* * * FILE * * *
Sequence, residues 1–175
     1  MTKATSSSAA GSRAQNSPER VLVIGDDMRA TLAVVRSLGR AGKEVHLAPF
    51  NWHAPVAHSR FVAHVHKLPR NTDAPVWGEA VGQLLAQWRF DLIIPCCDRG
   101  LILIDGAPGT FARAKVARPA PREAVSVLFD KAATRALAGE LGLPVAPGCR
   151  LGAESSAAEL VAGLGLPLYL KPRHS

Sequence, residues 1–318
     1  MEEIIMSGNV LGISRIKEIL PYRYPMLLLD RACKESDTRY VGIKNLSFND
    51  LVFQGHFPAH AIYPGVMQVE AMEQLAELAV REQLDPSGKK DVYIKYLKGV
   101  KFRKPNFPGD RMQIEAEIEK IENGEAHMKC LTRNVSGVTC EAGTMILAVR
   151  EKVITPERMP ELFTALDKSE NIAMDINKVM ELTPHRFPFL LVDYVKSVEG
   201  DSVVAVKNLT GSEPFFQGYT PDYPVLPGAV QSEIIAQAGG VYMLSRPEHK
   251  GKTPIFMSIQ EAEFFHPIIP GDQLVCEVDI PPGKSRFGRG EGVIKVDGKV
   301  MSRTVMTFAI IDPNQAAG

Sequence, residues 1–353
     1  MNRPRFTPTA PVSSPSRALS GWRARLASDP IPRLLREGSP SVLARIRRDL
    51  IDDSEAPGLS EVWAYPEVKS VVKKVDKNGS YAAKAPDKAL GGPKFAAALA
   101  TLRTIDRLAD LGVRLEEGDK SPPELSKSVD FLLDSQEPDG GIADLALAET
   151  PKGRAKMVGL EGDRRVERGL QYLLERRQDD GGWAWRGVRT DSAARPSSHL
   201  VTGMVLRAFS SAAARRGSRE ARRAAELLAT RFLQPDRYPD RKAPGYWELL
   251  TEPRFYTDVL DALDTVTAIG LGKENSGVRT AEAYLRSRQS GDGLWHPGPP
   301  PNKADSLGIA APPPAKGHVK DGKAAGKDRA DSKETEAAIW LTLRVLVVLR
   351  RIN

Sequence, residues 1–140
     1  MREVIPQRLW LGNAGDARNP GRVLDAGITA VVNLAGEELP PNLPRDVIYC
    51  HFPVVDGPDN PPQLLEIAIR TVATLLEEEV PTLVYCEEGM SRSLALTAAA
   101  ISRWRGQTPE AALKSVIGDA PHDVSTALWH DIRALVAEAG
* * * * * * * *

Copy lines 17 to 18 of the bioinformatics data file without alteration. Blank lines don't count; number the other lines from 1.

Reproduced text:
   101  TLRTIDRLAD LGVRLEEGDK SPPELSKSVD FLLDSQEPDG GIADLALAET
   151  PKGRAKMVGL EGDRRVERGL QYLLERRQDD GGWAWRGVRT DSAARPSSHL